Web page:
New York - A Verizon Communications shareholder has sued to stop its acquisition of Vodafone’s 45 percent stake in Verizon Wireless for $130 billion (R1.3 trillion) in what may be the first investor class action stemming from the deal.
Natalie Gordon alleged in her complaint that the agreement was “insufficient and inadequate” to shareholders of New York-based Verizon, which Gordon said overpaid for the stake. She seeks group status for the lawsuit on behalf of all affected shareholders.
“Verizon shareholders are being shortchanged and their investment in Verizon will be diminished and diluted as a result of the stock purchase agreement,” Gordon said in the complaint, filed in New York state Supreme Court in Manhattan on Thursday.
South Africa’s Vodacom is 65 percent owned by Vodafone.
Earlier last week, Verizon Communications agreed to buy Vodafone’s stake in Verizon Wireless, seeking full control of the most profitable US cellular carrier in the biggest acquisition in more than a decade.
“We believe this lawsuit is entirely without merit and Verizon intends to defend itself vigorously,” said Randal Milch, the executive vice-president and general counsel for Verizon Communications.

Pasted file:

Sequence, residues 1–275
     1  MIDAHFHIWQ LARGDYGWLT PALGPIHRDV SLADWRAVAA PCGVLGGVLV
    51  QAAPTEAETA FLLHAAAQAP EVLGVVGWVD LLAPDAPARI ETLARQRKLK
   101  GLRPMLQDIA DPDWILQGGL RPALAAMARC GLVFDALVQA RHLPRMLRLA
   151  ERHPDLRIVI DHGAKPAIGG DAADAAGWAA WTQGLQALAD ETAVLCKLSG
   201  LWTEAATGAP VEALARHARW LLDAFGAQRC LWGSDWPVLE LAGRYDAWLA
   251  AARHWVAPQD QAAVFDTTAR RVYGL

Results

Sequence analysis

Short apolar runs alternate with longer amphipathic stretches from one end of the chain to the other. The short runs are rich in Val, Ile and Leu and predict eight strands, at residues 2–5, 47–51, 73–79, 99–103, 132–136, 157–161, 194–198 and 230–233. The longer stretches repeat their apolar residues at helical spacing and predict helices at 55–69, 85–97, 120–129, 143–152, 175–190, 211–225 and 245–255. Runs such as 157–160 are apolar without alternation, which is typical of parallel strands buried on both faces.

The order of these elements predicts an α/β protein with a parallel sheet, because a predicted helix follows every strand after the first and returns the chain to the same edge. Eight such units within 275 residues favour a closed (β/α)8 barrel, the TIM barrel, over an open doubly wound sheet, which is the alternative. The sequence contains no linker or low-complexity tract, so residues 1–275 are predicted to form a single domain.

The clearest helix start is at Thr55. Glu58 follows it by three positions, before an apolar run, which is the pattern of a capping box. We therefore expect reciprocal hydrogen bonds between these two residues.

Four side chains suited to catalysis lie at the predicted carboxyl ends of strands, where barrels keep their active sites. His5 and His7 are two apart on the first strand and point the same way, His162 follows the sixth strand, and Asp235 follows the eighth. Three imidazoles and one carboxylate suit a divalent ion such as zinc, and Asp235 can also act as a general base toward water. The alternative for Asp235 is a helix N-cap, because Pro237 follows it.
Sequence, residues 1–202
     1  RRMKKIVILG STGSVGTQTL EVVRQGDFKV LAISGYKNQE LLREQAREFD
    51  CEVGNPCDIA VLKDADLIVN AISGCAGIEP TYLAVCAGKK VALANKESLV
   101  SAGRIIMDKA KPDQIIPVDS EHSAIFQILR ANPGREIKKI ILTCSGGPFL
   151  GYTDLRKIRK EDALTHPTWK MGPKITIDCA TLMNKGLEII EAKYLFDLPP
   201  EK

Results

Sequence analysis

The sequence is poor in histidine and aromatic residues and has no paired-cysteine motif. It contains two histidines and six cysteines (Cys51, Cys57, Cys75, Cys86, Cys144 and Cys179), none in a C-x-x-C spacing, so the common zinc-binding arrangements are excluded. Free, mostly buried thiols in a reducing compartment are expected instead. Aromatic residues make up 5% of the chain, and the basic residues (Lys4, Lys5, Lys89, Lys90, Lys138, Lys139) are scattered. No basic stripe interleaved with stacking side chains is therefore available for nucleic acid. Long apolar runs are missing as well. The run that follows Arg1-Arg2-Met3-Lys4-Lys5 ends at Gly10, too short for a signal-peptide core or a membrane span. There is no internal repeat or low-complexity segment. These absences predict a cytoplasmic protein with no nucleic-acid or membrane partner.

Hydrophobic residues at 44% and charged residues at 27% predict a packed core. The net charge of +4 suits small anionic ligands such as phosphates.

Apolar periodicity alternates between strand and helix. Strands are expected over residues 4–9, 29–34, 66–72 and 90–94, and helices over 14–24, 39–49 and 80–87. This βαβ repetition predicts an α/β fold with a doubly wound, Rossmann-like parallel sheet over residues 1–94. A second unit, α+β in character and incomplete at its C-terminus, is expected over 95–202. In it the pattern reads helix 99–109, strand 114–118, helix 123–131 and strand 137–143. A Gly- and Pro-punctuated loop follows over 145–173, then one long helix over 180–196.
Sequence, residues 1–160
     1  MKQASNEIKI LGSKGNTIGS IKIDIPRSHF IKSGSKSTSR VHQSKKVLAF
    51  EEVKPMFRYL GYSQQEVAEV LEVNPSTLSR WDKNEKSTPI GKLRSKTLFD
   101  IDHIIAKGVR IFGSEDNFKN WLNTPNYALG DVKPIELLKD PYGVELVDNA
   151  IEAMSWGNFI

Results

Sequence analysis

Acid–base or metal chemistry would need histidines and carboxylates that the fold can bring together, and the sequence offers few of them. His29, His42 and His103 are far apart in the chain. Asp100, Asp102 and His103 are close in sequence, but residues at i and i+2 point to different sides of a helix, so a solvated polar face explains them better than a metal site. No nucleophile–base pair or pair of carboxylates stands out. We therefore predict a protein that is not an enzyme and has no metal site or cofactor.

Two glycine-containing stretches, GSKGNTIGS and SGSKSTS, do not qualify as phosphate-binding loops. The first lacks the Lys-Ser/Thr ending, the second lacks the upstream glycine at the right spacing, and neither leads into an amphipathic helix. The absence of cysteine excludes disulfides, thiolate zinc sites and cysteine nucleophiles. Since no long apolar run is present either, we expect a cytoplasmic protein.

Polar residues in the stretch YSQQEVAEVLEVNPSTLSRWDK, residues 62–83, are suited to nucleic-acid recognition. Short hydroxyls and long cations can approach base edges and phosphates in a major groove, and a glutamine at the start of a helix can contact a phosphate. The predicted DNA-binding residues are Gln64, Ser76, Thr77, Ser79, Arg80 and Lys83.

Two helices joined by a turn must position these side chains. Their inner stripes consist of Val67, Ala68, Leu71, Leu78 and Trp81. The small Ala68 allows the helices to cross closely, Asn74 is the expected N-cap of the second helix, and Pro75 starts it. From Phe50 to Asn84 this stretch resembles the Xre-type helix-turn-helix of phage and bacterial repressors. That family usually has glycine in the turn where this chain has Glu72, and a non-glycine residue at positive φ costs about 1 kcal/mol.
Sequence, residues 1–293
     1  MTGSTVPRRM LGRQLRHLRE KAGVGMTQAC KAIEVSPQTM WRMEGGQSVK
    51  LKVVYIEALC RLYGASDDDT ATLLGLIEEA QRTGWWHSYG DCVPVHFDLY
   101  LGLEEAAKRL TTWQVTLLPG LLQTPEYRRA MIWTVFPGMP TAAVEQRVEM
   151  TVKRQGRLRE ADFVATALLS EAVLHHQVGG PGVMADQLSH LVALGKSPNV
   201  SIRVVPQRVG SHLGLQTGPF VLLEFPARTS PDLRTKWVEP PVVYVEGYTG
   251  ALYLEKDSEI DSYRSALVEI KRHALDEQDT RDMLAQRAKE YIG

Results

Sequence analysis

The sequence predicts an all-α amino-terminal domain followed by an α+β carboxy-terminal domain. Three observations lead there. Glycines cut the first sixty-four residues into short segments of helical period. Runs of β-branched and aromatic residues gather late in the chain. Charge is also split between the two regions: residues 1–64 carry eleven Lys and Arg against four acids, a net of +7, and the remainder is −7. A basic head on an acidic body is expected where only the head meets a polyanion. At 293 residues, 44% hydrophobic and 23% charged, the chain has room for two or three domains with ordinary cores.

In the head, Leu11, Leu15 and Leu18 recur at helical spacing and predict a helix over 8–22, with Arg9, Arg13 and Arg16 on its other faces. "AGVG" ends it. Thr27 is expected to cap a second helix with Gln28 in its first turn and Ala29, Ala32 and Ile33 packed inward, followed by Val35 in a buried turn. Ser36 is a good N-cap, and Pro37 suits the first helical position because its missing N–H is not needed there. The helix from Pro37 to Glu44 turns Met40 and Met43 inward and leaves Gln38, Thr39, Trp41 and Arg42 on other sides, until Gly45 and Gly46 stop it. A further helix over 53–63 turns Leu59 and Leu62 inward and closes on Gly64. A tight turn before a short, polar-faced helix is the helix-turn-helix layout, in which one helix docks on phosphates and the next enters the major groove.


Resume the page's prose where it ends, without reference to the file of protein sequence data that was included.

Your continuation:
The deal, sought by Verizon since at least 2004, implies a total value of Verizon Wireless of almost $290bn – larger than the market capitalisation of Google or the gross domestic product of Singapore.
The wireless unit produces $21.8bn in operating income a year, all of which can now go into Verizon’s coffers so it can fund more network investment to take on mounting competition. Vodafone can exit a business whose dividends and operations it does not control.
In March Bloomberg reported that Verizon was eager to take full control of the wireless unit this year after it had weighed options that included a full merger of the two joint venture partners.
The companies said they expected the acquisition to close in the first quarter of next year. If completed at $130bn, almost Verizon’s entire market value, the deal would be the biggest since Vodafone’s acquisition of Mannesmann in 2000.
Guggenheim Securities, JPMorgan Chase, Morgan Stanley and Paul J Taubman served as Verizon’s lead financial advisers. Wachtell, Lipton, Rosen & Katz and Macfarlanes handled transaction counsel, while Debevoise & Plimpton advised the company on its debt financing.
Vodafone’s board was advised by Goldman Sachs, UBS and Simpson Thacher & Bartlett.
Verizon will pay Vodafone $58.9bn in cash, financed with credit from JPMorgan, Bank of America, Barclays and Morgan Stanley. The company will also issue $60.2bn in stock to Vodafone shareholders.
With her action, Gordon seeks to stop the transaction “unless and until the company adopts and implements a procedure or process to obtain a merger agreement providing fair terms for shareholders”.
The shareholder also seeks unspecified damages. – Bloomberg